Despite a range of disruptions to European tourism in recent years, visitation grew by around 1.5% in 2016 and is forecast to grow by another 2% in 2017, with demand for hotels outpacing supply, according to Christie & Co.
A study from the group identified a number of markets ripe for investment, but warned that failure to invest in infrastructure could put the region’s growth at risk.
Europe remained the key source for European destinations with domestic and other European travellers accounting for almost 90% of demand. The established feeder markets including the US, Canada, Japan and Australia continued to generate visitation growth for the European market. India and China were expected to experience healthy GDP growth over the next five years and both have populations over four times the US, with affluence continuing to rise.
Christie & Co pointed to Iceland, Poland, Denmark, Portugal and Sweden as the markets that currently had a low level of brand penetration and represented the best opportunities for hotel groups.
The group’s European Travel Trends and Hotel Investments Hot Spots study identified two opportunities for increasing the value of visitation in the European market. Firstly, that Spain and Greece lagged behind Western and Northern Europe in terms of value of visitation per international arrival. The group said it saw “a real opportunity to boost the value of visitation by improving the quality of the hotel stock”.
Secondly, that there were good brand opportunities across the European market; as the hotel stock in the majority of European markets remains currently heavily unbranded and in need of investment.
Anna Eck and Marine Duchesne from the hotels consultancy team at Christie & Co and the report’s authors, said: “The findings of the report show quite clearly that Europe as a destination remains extremely popular and there is huge opportunity for international brands to grow in the region. Markets such as Iceland, Poland, Denmark, Portugal and Sweden provide options for hotel chains whilst Ireland, Spain, Portugal, Poland and Sweden would be ideal for opportunistic investors willing to take more risk. These markets are all expected to achieve strong revpar increases in the coming years as well as demand growth in excess of supply.”
Across the countries analysed, Italy recorded the largest supply in hotel rooms, with over 2.2 million hotel beds. This was followed by Spain and Germany with 1.9 million and 1.8 million hotel beds respectively, and France (1.3 million) and the UK (1.0 million) trailing further behind. Despite a large base of existing supply, Spain recorded a 1.6% 10-year CAGR, with the majority of this supply added in Madrid, Barcelona and the Balearic Islands.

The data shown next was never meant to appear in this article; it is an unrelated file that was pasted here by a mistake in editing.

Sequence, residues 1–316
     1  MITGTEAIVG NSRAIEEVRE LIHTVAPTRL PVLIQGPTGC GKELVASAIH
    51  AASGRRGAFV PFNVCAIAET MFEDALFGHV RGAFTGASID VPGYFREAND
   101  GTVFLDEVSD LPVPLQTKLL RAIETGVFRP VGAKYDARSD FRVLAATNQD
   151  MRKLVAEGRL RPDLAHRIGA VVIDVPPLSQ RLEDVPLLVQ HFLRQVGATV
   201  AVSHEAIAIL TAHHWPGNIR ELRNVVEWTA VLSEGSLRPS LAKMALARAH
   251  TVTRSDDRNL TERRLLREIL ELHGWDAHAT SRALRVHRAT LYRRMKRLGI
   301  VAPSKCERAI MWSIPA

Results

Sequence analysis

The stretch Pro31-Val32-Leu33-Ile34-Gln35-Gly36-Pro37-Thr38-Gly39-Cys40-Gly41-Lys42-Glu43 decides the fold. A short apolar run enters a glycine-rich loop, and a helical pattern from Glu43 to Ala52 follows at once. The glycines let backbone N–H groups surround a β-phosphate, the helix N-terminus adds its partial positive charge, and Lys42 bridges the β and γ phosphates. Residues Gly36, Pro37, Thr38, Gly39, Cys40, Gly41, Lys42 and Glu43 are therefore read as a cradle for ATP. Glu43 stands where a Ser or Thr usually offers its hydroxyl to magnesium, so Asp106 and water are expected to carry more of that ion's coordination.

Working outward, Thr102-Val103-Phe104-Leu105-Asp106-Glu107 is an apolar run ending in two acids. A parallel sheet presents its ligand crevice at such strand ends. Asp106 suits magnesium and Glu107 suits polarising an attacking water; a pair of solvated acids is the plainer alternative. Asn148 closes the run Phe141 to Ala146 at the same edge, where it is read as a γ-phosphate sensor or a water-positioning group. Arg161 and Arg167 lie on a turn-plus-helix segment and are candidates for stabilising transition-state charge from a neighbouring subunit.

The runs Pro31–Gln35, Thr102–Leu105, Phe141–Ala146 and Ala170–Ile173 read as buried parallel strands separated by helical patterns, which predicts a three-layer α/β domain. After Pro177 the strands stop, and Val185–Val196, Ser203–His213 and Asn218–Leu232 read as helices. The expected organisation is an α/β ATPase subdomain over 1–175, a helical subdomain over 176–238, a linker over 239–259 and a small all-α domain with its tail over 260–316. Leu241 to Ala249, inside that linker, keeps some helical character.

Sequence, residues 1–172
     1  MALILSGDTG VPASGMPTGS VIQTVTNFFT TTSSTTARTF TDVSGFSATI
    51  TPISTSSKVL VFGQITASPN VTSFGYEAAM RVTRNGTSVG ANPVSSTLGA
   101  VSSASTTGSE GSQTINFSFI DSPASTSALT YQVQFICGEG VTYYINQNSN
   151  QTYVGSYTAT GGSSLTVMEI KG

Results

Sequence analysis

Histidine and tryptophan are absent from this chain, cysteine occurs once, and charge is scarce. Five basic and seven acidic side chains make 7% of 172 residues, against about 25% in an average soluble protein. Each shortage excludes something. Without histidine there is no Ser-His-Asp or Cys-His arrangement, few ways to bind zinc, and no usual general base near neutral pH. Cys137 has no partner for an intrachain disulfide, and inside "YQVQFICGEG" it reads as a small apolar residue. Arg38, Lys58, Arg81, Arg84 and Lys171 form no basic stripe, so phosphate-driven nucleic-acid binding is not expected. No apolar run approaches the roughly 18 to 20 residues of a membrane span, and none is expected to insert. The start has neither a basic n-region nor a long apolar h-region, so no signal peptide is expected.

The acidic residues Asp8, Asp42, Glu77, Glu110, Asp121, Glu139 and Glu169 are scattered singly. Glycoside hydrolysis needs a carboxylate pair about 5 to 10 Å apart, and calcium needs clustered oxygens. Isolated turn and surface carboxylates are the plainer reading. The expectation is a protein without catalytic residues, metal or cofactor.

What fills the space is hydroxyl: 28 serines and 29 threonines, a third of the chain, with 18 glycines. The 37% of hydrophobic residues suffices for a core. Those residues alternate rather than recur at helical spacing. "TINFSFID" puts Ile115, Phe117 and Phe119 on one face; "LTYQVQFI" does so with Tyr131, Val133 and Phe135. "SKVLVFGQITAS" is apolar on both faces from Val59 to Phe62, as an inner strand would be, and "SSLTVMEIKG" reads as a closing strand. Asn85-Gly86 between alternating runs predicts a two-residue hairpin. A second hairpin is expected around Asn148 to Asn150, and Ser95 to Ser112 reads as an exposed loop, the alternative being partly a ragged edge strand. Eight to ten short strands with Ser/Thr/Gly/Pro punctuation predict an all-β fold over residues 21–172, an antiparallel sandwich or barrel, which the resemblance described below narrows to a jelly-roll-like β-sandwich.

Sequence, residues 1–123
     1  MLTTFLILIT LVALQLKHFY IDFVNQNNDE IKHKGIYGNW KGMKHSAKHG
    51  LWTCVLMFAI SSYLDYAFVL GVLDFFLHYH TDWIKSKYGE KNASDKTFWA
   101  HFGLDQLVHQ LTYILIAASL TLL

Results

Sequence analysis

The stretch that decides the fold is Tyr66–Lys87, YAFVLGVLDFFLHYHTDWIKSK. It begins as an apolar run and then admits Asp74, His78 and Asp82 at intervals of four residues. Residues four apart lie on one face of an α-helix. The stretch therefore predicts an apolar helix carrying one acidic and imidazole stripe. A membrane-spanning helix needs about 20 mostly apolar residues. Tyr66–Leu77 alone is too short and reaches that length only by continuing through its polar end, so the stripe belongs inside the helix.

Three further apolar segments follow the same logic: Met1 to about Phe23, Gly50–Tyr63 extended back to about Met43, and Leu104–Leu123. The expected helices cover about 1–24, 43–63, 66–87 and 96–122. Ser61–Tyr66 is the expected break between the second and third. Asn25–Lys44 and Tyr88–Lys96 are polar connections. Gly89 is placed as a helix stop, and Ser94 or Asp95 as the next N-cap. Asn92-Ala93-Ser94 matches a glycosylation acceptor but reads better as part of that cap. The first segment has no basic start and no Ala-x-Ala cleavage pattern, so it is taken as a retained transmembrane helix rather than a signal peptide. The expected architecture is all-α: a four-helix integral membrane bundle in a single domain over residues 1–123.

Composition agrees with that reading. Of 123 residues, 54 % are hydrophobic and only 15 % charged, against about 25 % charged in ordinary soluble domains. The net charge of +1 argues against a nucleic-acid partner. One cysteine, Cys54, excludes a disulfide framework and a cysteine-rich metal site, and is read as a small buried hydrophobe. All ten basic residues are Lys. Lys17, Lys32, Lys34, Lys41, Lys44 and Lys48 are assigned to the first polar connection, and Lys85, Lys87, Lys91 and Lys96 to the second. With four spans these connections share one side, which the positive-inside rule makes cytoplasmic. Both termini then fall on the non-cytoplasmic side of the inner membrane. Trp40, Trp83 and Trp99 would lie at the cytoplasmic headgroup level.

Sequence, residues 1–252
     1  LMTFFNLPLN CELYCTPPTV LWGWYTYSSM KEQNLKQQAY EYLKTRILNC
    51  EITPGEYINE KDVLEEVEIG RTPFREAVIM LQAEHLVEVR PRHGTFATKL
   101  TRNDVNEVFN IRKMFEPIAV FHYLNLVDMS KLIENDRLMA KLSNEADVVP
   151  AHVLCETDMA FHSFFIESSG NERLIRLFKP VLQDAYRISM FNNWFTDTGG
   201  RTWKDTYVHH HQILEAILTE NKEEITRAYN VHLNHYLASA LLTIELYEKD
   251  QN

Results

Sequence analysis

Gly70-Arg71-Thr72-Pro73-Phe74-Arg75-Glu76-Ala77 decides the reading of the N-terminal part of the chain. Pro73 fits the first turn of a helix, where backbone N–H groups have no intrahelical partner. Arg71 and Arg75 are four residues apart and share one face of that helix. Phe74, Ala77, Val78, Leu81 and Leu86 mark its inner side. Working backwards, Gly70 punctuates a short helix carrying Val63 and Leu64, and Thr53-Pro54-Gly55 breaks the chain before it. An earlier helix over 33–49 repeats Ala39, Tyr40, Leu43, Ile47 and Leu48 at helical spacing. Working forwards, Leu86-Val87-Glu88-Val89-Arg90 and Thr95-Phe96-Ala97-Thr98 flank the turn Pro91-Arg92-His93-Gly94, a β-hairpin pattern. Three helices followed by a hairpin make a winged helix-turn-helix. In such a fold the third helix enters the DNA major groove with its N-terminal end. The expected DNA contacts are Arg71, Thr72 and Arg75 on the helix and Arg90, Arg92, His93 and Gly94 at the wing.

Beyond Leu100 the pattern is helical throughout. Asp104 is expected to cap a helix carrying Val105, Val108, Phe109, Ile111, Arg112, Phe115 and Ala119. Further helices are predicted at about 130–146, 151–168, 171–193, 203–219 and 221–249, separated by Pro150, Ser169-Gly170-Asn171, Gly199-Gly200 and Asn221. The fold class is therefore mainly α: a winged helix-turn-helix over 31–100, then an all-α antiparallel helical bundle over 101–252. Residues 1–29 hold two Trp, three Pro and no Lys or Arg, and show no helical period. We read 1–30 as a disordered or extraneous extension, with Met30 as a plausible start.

The group warned that the region’s strength could also be its weakness, commenting: “Accessibility is a key driver for tourism and Europe’s attractiveness has historically been supported by the development of major airport hubs, connecting the continent globally and facilitating passenger movements internally.
“Can European airports meet growing passenger demand? Overall, capacity constraints rather than lack of demand might impact growth potential for Europe.”
Europe’s main competitor for arrivals was the Asia & Pacific region – also fast becoming a
leading source of outbound travel. A number of Asian countries are improving their tourism offer
and experiencing strong economic growth, resulting in an impressive double-digit growth forecast
for international visitation by 2030. Behind this forecast was the expectation that the emerging
middle class in markets such as China, India and South Korea will boost travel within the Asia &
Pacific region, as rising disposable incomes initially lead to short-haul, rather than long-haul trips.
The repot was released as CBRE reported its quarterly transactions figures for Europe, which found that the overall European hotel investment volume was up 33% year-on-year for the third quarter. This contributed to a 16% year-on-year increase year-to-date, with the deal volume topping EUR14bn.
The size of the Spanish hotel investment market more than doubled in the first three quarters of 2017, with transaction volumes increasing by 112% year-on-year. The UK saw the highest actual investment volume at almost EUR5bn so far in 2017. Both markets’ deal volumes were already ahead of their respective full-year 2016 volumes.
HA Perspective [by Katherine Doggrell]: When asked at the launch of Christie & Co’s report whether he was able to call the top of the market, Cody Bradshaw, managing director, head of European hotels – Starwood Capital Group, was not tempted. Bradshaw pointed to the strength of demand in Europe – with a sharp intake of breath over how Europe feeds Europe – also drawing attention to the investment in infrastructure which will feed this.
Bradshaw also acknowledged that, with hotels failing to meet demand, alternative providers of accommodation such as Airbnb were likely to pick up the slack. Thomas Emanuel, director of business development for STR, pointed to a study the group produced indicating that sharing stays tended towards around a week, not treading too closely on hotels’ toes, but this is likely to evolve to meet demand.
For the hotels already farming Europe, the message was that more M&A was on the way. With more deals expected as Christmas approaches, the transactions market at least is buoyant.